Donald Trump has never been quiet about his love for Scotland, where he boasts not only family heritage but a string of business investments. Sadly for the billionaire magnate and would-be US President, Scotland has not offered him much love in return. On Sunday, around 50 left-wing activists barged their way into two of Trump's hotel resorts in Scotland, in an action designed to disrupt the business operations of a man protesters dubbed "one of the world's most prominent racists".
Not that Trump's reputation in the UK can really sink much lower. On Monday night, the House of Commons will see MPs debate whether the man who wants to Make America Great Again should be barred from entering the UK, following his now-notorious promise to place an embargo on Muslims entering the US. While these remarks – and his wider campaign's reliance on an inflammatory brand of hard-right populism – may have won him a lot of enemies at home and abroad, Scotland harbours a special kind of hatred for Trump that stretches back a decade.
It was in 2006 that the tycoon announced ambitions to open a golf resort in the country, and amid much fawning from local politicians, he dropped by two years later to see the Hebridean cottage in which his grandmother was raised. But The Donald's honeymoon with Scotland quickly went sour as his quaint, kilted, Highland fantasy didn't quite square with the reality of the bitter and drawn-out fight he had to wage to open his golf resort north of Aberdeen. After years of arguing with local residents who were worried about eviction, and battling with environmentalists over plans to bulldoze a delicate sand dune ecosystem, the golf resort eventually opened in 2012.
But this being Donald Trump, he has still found plenty to complain about since, with an offshore wind farm near his golf course being a particular gripe. Trump's occasional and ever more perplexing interventions in the British media have also seen him embark on a war of words with former SNP leader Alex Salmond, which I'd guess isn't the sort of activity that POTUS hopefuls typically preoccupy themselves with. At least it makes a change from 2008, when it was alleged that Salmond had gone out of his way to accommodate Trump's development, overruling its initial rejection by local councillors.
Around 50 protestors briefly invaded Trump's two Scottish hotels at the weekend, citing the "reputational damage" that his association with Scotland is causing the country, and their bid to "oppose racism in all its forms". The action was staged by RISE, an upstart left-wing political alliance which is aiming to secure its first seats in the Scottish Parliament when elections come around in May. Andi Rossetter, a RISE candidate who was at the Aberdeenshire protest, told VICE that the protestors entered the hotel for around an hour, and eventually left after police were called to the building. In a statement, RISE added that the protest aimed to "disrupt, however briefly, Trump's ability to generate profit in Scotland that will then be spent on his campaign of racist demonisation and scapegoating in the US".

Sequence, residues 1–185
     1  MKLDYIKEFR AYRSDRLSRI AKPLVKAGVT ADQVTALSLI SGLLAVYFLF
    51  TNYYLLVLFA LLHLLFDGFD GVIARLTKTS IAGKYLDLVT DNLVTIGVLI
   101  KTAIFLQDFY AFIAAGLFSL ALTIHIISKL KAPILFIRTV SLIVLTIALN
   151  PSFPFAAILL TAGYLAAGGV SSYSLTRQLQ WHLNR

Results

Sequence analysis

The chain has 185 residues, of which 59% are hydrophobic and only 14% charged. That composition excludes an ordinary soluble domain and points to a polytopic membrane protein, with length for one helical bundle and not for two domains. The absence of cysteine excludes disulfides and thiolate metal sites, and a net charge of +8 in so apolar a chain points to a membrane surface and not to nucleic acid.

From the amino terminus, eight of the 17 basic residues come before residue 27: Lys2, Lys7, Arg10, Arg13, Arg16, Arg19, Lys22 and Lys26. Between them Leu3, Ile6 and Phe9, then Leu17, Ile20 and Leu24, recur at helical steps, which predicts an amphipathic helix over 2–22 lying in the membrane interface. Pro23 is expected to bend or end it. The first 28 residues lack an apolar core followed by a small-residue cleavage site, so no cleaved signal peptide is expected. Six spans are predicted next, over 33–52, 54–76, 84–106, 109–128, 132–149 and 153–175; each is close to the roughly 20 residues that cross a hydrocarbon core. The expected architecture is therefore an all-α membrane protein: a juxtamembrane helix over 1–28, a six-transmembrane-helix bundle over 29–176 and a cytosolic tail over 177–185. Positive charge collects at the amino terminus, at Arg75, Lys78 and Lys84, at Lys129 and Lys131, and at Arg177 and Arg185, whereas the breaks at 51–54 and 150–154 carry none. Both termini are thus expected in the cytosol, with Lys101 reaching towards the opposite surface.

The action comes just weeks after Trump was stripped of two accolades – a Scottish Government business ambassador role and a university honours degree – that were festooned on him at a time when authorities in Scotland were trying to woo the tycoon's investment. Trump responded to this insult with characteristic aplomb, penning a short article for Aberdeen-based newspaper the Press and Journal in which he noted that he has "done so much for Scotland", that he will be the smartest and toughest President of all time, and that his Aberdeen venture is "what many believe to be one of the greatest golf courses anywhere in the world".
"We've already had some feedback from Trump's supporters on social media, so we're hoping Trump hears about it and that he gets the message he isn't welcome here," Rossetter said after Sunday's protest. "If he does become the Republican nominee, we will be stepping up this campaign and we look forward to the day when Trump takes his investment out of Scotland. Many of us were there before the hotel and golf course were built, and we'll be back again."
Trump has yet to publicly respond to Sunday's invasion of his Scottish golf resorts by an angry rabble of socialists. But given his obsession with proving his own righteousness, it would be foolish to rule out Trump dedicating a portion of his next tubthumping rally to denouncing the far-left fanatics holding Scotland to ransom, or to assume that he hasn't already fired off an angry letter to a provincial newspaper. Whatever way the Republican nomination eventually goes, Scotland's rocky relationship with Donald J Trump looks like it has some way to go.
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